These Pictures Prove Betty White Is More Than Just A Funny Lady

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Unless you’ve been living under a rock for the last few decades, you’re most likely familiar with Betty White. The iconic actress has been making waves with her witty repartee, inappropriate comments, and complete bluntness for as long as most of us have been alive. Starting her rise to fame in the early 1950s, the 95-year-old actress has shown no signs of slowing down – dominating social media and television with her unique wit. She currently holds the record for the longest running career of a female actress to date.

But, it wasn’t just Betty’s wild personality that her fans fell in love with. Check out these old photographs of Betty in her younger days to see exactly what helped her capture the world’s attention for so long.

 

#12 – Betty’s Start

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Betty White was born Betty Marion White on January 17th, 1922 as the only child of an engineer and a housewife. While she was born in Oak Park, Illinois, Betty’s parents moved her to the Los Angeles area when she was approximately two years old.

Little did they know what a difference a change in scenery would make.

#11 – Getting Her Foot In The Door

Betty got started on her path to on-screen fame through the radio, of all places. She started out appearing on talk radio shows such as “Blondie,” “The Great Gildersleeve,” and “This Is Your FBI,” in the 1940s. She was eventually given her own radio talk show, “The Betty White Show.”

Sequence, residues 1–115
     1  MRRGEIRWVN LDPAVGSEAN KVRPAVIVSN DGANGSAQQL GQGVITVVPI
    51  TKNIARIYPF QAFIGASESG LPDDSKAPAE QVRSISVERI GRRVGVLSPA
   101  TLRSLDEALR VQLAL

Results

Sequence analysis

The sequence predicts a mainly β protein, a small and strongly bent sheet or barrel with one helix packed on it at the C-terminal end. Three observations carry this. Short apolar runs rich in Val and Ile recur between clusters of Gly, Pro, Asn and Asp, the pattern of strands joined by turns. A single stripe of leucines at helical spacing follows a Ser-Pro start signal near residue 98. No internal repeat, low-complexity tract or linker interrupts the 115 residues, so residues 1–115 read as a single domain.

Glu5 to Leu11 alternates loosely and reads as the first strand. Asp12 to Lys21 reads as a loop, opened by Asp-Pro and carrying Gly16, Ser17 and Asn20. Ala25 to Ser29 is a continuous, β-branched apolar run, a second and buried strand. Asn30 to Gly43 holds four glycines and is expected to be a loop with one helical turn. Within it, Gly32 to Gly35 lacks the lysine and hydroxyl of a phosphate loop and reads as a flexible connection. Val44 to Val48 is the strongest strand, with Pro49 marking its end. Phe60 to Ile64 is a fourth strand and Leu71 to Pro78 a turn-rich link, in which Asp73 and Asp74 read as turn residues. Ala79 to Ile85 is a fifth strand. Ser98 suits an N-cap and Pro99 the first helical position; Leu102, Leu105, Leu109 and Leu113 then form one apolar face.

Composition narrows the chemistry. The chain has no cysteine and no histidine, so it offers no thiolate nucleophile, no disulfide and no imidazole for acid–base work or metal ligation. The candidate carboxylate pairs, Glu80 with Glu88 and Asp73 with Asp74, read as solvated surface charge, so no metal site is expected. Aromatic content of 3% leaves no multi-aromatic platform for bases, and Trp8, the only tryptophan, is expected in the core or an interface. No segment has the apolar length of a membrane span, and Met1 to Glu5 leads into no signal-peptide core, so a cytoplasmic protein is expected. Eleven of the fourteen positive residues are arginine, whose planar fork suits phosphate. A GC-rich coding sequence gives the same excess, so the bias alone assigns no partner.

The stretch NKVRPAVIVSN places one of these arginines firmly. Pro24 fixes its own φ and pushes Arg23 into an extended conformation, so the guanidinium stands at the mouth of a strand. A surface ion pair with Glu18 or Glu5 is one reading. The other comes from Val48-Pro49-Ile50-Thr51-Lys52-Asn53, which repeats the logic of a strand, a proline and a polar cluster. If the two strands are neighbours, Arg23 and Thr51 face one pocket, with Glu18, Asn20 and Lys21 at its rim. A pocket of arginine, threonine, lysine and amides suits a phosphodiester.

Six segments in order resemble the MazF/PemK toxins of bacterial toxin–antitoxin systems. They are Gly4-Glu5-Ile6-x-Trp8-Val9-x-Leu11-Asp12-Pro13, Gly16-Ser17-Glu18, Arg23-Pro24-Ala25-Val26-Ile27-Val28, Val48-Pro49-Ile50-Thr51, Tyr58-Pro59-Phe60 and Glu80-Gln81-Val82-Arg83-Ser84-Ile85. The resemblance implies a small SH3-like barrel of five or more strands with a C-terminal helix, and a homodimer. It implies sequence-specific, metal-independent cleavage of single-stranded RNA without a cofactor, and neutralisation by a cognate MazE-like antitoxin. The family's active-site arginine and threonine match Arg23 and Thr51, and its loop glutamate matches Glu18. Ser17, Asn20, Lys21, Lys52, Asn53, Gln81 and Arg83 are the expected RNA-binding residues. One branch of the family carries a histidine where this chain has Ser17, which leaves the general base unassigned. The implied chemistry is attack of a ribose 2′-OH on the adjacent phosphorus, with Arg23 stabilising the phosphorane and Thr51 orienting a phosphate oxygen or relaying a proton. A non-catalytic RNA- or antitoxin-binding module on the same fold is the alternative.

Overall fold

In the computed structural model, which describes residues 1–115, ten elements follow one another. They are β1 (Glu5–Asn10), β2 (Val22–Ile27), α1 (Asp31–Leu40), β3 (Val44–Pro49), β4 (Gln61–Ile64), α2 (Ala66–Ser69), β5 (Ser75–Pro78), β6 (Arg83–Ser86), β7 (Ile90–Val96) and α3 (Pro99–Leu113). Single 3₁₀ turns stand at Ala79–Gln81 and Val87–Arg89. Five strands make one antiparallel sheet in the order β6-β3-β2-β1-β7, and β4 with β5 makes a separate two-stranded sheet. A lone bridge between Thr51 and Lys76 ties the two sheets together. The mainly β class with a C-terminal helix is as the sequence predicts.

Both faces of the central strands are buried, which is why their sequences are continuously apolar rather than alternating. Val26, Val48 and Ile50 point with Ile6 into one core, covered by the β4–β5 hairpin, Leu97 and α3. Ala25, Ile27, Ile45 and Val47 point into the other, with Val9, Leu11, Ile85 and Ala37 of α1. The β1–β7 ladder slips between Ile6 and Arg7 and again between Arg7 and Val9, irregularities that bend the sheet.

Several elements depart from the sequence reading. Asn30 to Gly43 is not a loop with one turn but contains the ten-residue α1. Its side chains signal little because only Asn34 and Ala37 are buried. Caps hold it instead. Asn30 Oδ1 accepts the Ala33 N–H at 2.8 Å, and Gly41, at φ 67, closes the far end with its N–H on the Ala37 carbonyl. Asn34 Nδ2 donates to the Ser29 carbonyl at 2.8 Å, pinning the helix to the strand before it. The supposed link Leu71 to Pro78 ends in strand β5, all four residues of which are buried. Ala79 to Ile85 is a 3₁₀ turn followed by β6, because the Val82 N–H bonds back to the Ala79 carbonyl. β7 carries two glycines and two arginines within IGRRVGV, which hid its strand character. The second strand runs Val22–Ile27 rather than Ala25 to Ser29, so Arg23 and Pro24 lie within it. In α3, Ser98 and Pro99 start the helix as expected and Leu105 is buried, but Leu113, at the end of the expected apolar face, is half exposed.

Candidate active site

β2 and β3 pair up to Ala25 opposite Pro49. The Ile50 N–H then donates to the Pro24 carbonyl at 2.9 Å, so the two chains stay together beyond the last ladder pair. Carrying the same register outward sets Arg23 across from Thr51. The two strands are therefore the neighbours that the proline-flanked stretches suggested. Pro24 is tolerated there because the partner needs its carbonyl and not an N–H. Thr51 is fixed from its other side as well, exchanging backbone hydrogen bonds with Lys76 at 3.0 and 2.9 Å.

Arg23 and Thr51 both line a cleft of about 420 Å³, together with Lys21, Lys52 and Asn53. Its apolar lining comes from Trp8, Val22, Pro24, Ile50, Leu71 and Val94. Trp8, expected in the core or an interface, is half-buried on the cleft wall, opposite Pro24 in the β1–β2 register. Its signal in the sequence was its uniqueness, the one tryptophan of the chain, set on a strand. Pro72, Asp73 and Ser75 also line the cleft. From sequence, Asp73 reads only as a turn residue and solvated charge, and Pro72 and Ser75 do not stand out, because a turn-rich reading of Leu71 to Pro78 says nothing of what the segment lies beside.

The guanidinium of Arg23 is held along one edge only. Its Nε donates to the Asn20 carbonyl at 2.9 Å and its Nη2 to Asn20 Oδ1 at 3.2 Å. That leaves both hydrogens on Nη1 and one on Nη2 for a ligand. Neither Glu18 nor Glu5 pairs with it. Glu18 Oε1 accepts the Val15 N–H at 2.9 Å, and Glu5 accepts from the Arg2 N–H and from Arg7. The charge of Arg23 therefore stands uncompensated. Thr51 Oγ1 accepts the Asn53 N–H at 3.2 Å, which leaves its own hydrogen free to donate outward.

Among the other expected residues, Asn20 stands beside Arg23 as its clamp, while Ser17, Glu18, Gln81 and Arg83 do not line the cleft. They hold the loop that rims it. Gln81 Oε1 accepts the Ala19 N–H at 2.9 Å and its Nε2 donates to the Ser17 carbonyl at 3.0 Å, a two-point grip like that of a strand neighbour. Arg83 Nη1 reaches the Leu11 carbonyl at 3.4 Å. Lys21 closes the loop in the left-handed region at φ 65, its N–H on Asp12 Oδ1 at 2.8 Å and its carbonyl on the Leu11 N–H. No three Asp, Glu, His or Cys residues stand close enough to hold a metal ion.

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# 10 – TV Here She Comes

Betty managed to shove her foot in the door of the television industry by scoring a job as an assistant at her local television studio. Of course, with Betty’s stunning looks and even brighter personality, it didn’t take her long to start making a name for herself in the business.

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#9 – Hollywood On Television

In 1949, Betty began co-hosting a daily variety television show called “Hollywood On Television” with presenter Al Jarvis. In 1952, Al Jarvis parted ways with the show, leaving Betty to host the television variety show on her own for another four years. The show, which aired six days a week, was completely live and ad-libbed for the entire five and half hours of weekly airtime.

#8 – First Female Producer

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In the early 1950s, she managed to present her first television series, “Life with Elizabeth.” The show was a collaboration project with her friend and coworker, George Tibbles. It was loosely based on a short sketch which Betty had done on a local television production, with George penning the script and Betty producing it, making history as the first female producer.

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